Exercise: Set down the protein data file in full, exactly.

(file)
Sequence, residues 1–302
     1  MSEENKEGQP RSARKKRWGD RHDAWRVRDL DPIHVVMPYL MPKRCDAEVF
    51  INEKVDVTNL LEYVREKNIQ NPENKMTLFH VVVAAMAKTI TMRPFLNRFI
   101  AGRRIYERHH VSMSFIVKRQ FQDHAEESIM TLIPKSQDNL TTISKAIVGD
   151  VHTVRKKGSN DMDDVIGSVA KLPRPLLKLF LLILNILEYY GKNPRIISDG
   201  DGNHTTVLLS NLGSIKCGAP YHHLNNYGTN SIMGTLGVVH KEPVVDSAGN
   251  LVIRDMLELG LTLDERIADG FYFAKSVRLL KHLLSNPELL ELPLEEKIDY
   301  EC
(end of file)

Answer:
Sequence, residues 1–302
     1  MSEENKEGQP RSARKKRWGD RHDAWRVRDL DPIHVVMPYL MPKRCDAEVF
    51  INEKVDVTNL LEYVREKNIQ NPENKMTLFH VVVAAMAKTI TMRPFLNRFI
   101  AGRRIYERHH VSMSFIVKRQ FQDHAEESIM TLIPKSQDNL TTISKAIVGD
   151  VHTVRKKGSN DMDDVIGSVA KLPRPLLKLF LLILNILEYY GKNPRIISDG
   201  DGNHTTVLLS NLGSIKCGAP YHHLNNYGTN SIMGTLGVVH KEPVVDSAGN
   251  LVIRDMLELG LTLDERIADG FYFAKSVRLL KHLLSNPELL ELPLEEKIDY
   301  EC